After many delays and mounting calls from businesses as well as civil society organizations to increase the transparency of the process, the Polish government on February 26, 2021 presented a draft of its National Recovery and Resilience Plan (RRP) for the €23.9bn in grants that it will receive through the EU Recovery and Resilience Facility (RRF). Our analysis shows that overall, the investments envisaged by the plan can make a positive contribution to the green transition. However, while the draft RRP includes measures that have the potential to fast-track and scale-up decarbonization efforts, the lack of detail and the lack of tangible targets attached to the measures proposed make it impossible to say whether the plan will be able to fully realize that potential.
We find that Poland’s draft recovery plan achieves a green spending share of 18%, below the EU’s 37% climate spending benchmark. At the same time, 38% of the spending may have a positive or negative impact on the green transition depending on the implementation of the relevant measures, illustrating the importance of further scrutiny during the further planning, review and implementation of the recovery measures. Importantly, this uncertainty applies to several key green transition-related measures proposed in the plan. The government itself claims that the plan achieves a climate share of 38%. Our calculation of the green spending share aims to mirror the approach used for the official assessment of national recovery plans (find more information here).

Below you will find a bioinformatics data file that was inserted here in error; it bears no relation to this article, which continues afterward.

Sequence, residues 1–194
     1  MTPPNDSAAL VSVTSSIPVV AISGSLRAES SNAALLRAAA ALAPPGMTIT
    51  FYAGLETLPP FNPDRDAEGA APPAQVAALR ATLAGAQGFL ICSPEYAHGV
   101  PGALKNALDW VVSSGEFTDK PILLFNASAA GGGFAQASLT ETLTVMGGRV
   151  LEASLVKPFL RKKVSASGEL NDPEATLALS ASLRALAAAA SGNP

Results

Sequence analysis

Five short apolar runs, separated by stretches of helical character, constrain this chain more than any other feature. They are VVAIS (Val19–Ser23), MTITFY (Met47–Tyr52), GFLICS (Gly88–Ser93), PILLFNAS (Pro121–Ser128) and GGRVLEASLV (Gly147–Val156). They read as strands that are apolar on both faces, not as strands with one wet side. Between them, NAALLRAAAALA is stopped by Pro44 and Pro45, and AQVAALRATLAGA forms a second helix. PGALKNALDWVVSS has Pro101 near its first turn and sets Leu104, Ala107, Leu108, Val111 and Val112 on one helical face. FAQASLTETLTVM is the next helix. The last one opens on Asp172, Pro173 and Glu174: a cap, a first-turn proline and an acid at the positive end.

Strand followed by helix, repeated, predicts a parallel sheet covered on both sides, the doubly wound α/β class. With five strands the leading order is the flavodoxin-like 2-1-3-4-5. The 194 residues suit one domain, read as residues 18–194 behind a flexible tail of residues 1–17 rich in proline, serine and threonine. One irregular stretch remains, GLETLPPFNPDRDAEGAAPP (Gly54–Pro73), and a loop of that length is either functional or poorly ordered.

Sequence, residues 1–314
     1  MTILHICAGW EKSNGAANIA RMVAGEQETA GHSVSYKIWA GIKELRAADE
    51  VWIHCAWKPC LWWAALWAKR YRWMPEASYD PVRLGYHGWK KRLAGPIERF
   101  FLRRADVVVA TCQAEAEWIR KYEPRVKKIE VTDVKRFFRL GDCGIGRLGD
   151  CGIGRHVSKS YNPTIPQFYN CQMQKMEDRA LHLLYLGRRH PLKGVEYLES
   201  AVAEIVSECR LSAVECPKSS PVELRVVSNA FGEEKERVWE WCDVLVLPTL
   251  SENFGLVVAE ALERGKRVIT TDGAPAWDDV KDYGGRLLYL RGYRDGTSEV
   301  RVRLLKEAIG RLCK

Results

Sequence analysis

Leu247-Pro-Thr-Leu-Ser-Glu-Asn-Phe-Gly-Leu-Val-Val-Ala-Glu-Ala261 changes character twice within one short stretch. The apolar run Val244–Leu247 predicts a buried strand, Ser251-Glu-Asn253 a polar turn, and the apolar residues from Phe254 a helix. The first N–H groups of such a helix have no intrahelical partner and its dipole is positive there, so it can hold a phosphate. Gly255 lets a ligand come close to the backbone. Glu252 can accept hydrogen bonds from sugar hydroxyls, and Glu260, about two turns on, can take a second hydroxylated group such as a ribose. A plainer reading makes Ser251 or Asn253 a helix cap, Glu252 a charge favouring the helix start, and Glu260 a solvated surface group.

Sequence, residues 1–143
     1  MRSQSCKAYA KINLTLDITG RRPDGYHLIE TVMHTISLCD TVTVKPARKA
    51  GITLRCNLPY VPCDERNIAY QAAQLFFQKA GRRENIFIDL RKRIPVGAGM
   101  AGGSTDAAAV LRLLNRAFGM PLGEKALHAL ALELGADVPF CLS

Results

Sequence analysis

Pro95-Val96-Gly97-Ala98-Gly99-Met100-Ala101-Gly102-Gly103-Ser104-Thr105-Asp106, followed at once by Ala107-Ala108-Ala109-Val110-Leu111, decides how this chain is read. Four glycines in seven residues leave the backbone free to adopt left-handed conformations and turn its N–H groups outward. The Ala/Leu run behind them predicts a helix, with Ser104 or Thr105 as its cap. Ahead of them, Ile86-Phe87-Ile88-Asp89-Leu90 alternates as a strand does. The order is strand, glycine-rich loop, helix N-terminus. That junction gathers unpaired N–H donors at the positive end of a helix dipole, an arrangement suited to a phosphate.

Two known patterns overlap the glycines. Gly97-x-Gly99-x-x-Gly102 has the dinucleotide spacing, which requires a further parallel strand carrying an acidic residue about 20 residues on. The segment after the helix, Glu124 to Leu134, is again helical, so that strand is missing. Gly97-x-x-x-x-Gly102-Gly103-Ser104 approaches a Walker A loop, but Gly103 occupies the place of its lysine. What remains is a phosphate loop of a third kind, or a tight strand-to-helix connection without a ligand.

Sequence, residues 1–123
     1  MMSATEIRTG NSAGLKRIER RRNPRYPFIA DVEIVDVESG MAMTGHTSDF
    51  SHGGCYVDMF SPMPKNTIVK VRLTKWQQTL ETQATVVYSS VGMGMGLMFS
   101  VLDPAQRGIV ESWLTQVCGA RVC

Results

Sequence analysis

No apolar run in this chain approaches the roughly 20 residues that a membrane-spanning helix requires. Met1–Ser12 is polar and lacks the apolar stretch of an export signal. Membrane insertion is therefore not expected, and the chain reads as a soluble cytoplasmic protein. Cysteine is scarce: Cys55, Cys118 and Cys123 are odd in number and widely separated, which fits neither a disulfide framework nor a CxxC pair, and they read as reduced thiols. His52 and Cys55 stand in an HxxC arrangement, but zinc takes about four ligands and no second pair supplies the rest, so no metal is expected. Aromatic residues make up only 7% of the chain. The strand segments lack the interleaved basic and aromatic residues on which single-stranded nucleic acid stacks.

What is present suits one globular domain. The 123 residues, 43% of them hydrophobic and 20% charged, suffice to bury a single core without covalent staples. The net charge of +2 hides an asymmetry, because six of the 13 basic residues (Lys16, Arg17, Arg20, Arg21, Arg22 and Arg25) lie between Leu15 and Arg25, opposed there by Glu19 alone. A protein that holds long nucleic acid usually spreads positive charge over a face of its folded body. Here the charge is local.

*Our analysis covers the draft Recovery and Resilience Plan that was released in February 2021. The report was written by Zofia Wetmanska (WiseEuropa) and Felix Heilmann (E3G). We are grateful to Karolina Marszał and Joanna Fabiszewska (WiseEuropa) as well as Johanna Lehne (E3G) for supporting the review process.
Poland’s draft recovery plan includes significant support measures for the offshore wind industry that focus in particular on the development of local content. Specifically, the plan allocates €437m to supporting the development of port infrastructure and supply chains, with the aim of installing 2.6 GW offshore wind electricity generation capacity.
The draft recovery plan does not foresee a revision of national strategic documents to align them with the EU’s 2030 and 2050 climate targets and does not envisage the implementation of key frameworks such as the long-term decarbonization strategy or the long-term renovation strategy. The few legislative changes that are included in the document are not sufficient to fast-track the green transition (e.g. lack of support for energy communities) or unlock necessary investments in key sectors (e.g. no investment in onshore wind electricity generation). Investments described in the plan rarely include specific (climate) targets, conditionalities or performance indicators for individual support measures, making it difficult to see how progress will be monitored.
The draft recovery plan offers substantial support for the rail sector, with total investments of €2.5bn. However, none of the measures envisaged support the electrification of the sector or the development of zero-emissions rail transport in cities.